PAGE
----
Here’s a look at today’s headlines:
The Grant County Sheriff’s Office and American Legion Post NM 18 put together a Christmas basket donation for residents in Grant County that could use a gift. All these items were donated by members of the Sheriff’s Office and the American Legion Post. Items in the baskets were a ham, potatos, pie, milk stuffing and other misc items. All the Christmas presents were marked for a boy or girl with an age group on them.
Representative Conrad James pre-filed two bills to strengthen protections for New Mexico’s children. The measures will increase penalties for child abusers and expand the number of children covered under Baby Brianna’s Law. HB 68 will increase the penalty for the first offense of intentional child abuse from a third degree felony to a second degree felony. The penalty for subsequent offenses would be increased from a second degree felony to a first degree felony. The other bill, HB 69, will broaden Baby Brianna’s Law to include all children under the age of 18. The law is named after Brianna Lopez, an infant who was killed by members of her family in 2002. Currently, individuals who intentionally abuse a child resulting in the death of the child face life in prison only if the child is under the age of 12. James’s proposal would make all acts of child abuse resulting in the death of the child punishable by life imprisonment, regardless of the age of the child.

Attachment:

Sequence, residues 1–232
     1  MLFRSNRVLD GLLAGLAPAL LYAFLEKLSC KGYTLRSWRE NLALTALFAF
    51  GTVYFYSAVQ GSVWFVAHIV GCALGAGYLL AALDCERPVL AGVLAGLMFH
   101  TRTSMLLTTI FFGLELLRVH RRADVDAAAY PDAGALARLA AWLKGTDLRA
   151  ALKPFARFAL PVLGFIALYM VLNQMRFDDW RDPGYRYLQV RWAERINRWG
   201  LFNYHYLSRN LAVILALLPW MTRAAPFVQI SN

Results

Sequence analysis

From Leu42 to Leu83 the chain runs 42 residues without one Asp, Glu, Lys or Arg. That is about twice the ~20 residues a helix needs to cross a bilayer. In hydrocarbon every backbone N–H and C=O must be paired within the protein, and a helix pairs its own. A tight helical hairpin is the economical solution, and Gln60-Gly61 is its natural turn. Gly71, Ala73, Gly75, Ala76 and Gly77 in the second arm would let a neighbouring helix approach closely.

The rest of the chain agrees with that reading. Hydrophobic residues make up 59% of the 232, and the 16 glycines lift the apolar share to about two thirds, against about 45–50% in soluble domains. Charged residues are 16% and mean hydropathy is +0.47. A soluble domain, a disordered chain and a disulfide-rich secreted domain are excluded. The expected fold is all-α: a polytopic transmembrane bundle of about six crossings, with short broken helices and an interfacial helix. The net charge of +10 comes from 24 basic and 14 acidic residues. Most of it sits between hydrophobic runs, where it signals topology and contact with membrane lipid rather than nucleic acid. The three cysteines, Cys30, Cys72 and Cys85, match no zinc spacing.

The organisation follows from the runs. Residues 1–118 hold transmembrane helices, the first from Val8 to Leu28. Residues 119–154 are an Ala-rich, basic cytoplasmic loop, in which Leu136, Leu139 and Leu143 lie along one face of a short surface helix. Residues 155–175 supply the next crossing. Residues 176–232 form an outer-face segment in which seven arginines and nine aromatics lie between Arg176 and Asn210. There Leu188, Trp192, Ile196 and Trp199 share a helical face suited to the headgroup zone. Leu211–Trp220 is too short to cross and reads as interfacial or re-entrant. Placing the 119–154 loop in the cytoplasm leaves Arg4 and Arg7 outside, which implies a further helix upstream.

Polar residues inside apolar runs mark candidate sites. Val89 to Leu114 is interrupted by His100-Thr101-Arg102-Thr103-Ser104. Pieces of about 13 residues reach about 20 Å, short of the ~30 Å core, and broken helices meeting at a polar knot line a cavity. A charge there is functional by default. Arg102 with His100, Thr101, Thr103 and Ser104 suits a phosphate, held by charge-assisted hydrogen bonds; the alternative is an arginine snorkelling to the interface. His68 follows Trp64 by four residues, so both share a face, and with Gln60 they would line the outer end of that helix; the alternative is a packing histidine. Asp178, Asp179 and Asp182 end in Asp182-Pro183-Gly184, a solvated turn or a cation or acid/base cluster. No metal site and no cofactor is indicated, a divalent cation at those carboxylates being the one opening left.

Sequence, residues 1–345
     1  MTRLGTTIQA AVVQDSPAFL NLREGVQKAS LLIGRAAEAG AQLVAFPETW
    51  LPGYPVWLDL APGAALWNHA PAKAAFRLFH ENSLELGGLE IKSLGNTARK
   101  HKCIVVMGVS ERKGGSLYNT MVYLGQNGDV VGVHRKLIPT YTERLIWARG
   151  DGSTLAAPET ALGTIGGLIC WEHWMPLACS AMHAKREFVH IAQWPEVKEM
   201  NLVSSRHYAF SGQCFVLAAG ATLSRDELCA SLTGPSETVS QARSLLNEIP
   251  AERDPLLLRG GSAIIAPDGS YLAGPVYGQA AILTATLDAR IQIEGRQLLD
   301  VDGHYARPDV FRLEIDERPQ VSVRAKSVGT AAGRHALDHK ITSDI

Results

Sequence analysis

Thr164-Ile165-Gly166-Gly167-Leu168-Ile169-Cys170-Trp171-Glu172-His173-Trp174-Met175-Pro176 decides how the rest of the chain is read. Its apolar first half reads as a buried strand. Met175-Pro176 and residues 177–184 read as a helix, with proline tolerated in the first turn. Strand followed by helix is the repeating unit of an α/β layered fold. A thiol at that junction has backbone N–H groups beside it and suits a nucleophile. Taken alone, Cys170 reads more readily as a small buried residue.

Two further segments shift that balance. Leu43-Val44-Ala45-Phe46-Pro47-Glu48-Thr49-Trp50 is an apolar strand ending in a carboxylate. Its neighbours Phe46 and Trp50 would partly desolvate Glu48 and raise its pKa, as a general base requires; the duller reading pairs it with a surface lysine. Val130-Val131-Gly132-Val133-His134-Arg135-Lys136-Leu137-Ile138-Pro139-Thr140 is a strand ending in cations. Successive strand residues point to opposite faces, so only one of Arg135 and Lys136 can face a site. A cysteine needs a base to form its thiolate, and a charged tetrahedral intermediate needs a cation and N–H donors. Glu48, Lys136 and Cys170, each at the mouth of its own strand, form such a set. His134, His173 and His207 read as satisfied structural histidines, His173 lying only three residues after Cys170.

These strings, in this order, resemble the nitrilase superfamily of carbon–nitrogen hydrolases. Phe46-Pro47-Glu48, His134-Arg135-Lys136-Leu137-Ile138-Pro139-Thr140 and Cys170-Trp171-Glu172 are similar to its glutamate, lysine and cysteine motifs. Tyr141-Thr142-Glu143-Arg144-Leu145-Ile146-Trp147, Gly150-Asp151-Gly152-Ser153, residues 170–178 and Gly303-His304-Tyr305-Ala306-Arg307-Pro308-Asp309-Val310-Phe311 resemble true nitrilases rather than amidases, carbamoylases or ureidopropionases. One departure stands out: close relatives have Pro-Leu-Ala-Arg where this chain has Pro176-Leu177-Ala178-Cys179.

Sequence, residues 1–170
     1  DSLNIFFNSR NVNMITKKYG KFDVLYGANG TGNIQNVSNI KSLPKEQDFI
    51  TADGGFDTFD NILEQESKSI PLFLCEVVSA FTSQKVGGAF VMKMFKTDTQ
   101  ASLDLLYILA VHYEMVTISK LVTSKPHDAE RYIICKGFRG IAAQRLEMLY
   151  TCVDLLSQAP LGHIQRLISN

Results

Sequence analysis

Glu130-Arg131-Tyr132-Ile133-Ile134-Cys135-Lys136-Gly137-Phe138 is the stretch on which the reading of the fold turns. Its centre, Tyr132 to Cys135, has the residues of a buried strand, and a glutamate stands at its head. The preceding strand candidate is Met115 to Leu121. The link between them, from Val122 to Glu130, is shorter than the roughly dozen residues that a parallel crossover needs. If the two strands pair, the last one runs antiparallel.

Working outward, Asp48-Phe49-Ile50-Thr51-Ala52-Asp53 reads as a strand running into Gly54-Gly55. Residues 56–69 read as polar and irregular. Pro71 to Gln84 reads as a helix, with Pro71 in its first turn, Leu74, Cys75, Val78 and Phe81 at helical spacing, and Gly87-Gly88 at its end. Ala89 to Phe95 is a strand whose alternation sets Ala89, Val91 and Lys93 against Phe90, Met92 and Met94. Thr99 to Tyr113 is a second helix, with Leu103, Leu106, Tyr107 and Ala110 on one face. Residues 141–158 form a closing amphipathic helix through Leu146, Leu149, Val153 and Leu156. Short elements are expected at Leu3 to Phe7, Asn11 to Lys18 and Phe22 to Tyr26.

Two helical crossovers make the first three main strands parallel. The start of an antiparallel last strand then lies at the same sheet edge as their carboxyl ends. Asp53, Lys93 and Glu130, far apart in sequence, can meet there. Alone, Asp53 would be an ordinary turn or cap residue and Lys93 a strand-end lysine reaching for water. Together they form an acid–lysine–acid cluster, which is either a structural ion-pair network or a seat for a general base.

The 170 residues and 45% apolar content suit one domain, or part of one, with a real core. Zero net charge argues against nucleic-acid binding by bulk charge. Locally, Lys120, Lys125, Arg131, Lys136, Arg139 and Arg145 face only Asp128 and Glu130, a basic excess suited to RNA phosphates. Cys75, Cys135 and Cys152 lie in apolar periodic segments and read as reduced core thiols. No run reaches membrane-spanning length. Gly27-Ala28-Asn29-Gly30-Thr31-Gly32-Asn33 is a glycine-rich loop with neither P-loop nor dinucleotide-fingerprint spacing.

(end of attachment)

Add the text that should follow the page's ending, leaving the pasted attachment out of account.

U.S. Senator Tom Udall announced that he secured a provision in the “omnibus” appropriations bill signed by the president last week requiring the Department of Veterans Affairs (VA) to report on the status and findings of its burn pit registry. The registry — which was created by Udall’s Burn Pits Registry Act — is the first step toward providing medical care and research for service members and veterans who were exposed to toxic chemicals and fumes from open-air burn pits in Iraq and Afghanistan. Udall is working to ensure the VA and Department of Defense (DOD) strengthen and build on the creation of the registry and continue to advance their understanding of how burn pit exposure has affected veterans’ health. The VA’s findings are a crucial step in that process.
The New Mexico Human Services Department announced an additional clothing allowance that will help more than 15,000 children throughout New Mexico. Effective Jan. 1, eligible households will receive an additional $50 per child to buy clothes for the second half of the school year.